***

Gelatin from healthy animals is laden with minerals and nutrient-dense fats and lots of other ingredients.  This gelatin is what makes a good broth…into jello.

Apparently it’s easy to make delicious gelatin desserts by using a safe, clean source of gelatin.  It’s something I’m going to try this summer.

I’ll keep you posted if a really good recipe develops.

 

 

 

Written by louisaenright

May 24, 2014 at 2:40 pm

Interesting Information: “Ingredients” Documentary Looks at the American Food System

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Interesting  Information:  May 24, 2014

 

INGREDIENTS

A New Documentary

Dr. Joseph Mercola posted a blog on the new documentary Ingredients recently.

This blog post of mine is not included under “Books, Documentaries, Reviews” because I have not yet seen this film

Here’s part of what Dr. Mercola’s blog says.  There is more, of course.  I put the url at the bottom of this entry.  Do pay attention to the real costs incurred in “cheap” food.  And note that on average Americans pay less than 7% of their income for their food weekly–yet what you put into your body about three times a day has real and important connections to your well being and health.  Poor health, as is noted below, is expensive.

 

 

The American food system is nearing a state of crisis. Ingredients is a documentary that explores the failings of the industrial food model, and how the local food movement is gaining momentum as a far better alternative. The film presents a refreshing look at food from the standpoint of sustainability, safety, flavor, nutrition, culture, and community.

This documentary takes us across the US from the urban food deserts of Harlem to the biodynamic farms of the Hudson River and Willamette Valleys, and into the kitchens of several celebrated chefs—culinary game-changers who are teaching us all how to eat better.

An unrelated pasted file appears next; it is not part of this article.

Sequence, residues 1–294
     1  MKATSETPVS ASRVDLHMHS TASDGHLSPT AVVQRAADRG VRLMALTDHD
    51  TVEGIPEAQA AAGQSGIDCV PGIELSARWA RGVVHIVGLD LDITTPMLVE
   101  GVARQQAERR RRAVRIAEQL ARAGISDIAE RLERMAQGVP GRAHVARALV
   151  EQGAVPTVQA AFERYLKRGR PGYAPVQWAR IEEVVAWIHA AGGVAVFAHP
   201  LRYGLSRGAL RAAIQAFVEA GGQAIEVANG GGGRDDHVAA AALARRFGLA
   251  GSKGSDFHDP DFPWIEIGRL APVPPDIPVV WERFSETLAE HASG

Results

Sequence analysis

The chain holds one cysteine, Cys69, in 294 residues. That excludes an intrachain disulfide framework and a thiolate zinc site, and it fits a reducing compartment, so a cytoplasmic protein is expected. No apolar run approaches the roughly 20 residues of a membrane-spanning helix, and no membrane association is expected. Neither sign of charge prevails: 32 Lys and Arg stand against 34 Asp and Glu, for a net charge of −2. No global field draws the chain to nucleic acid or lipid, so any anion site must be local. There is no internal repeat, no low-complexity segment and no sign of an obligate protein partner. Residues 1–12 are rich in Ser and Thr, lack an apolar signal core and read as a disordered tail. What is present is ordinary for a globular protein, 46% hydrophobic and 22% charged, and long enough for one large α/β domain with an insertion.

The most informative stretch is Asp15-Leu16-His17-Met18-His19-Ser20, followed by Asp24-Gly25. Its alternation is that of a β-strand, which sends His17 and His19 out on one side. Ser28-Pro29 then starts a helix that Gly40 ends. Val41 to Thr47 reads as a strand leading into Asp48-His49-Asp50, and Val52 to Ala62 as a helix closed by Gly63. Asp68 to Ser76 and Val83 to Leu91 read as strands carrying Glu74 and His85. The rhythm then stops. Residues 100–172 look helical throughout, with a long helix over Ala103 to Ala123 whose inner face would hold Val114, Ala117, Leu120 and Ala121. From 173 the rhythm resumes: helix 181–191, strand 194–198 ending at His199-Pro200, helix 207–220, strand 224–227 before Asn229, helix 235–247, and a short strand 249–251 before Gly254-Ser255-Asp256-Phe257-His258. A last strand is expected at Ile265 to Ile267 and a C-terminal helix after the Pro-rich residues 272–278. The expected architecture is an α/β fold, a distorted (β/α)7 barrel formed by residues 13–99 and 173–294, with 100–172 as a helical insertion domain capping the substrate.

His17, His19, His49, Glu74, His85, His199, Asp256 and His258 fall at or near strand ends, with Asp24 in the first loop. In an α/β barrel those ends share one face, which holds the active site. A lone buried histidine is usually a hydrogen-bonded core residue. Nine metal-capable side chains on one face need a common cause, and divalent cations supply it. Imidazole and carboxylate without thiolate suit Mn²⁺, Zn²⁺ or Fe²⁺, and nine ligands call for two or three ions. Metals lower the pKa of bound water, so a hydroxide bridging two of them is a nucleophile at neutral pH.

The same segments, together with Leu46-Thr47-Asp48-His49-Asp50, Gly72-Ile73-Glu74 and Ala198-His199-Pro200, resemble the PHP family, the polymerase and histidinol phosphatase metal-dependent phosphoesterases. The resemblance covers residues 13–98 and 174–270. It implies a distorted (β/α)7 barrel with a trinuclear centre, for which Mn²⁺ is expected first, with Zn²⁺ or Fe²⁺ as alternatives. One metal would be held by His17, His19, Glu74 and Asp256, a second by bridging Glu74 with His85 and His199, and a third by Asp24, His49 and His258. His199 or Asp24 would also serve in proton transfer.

The current system, focused on cheap convenience foods, is costing Americans dearly. Most Westerners have lost their primal connection to food. Mealtimes used to be savored and shared with others.

Food preparation is now typically viewed as a chore that interferes with other “more important” activities. This detachment from food represents a cultural “disconnect” between humans and the earth, to the detriment of both. It’s time for radical changes to our modern food paradigm, which is the subject of this uplifting documentary.

The Exorbitant Cost of ‘Cheap Food’

Americans have become dependent on cheap convenience foods that can be “prepared” in five minutes or less—or without taking both hands off the steering wheel. More than 17,000 new processed food products are introduced each year. Bright, catchy packaging conceals foods laden with chemicals, unhealthful fats, and high fructose corn syrup, all of which contribute to today’s skyrocketing rates of obesity and illness, especially among our youth.

Americans spend less on food than any other industrialized nation—an average of $151 per week, which amounts to less than seven percent of their income. How can such a low value be placed on something so important for your health and longevity?

The US beef industry has managed to cut its prices in half since 1960. Unfortunately, cheap food contains cheap and toxic ingredients… and you get what you pay for. Food imports have increased four-fold over the past decade, overwhelming the FDA with inspections. Of the 200,000 shipments from China in 2006, less than two percent were sampled for quality and safety.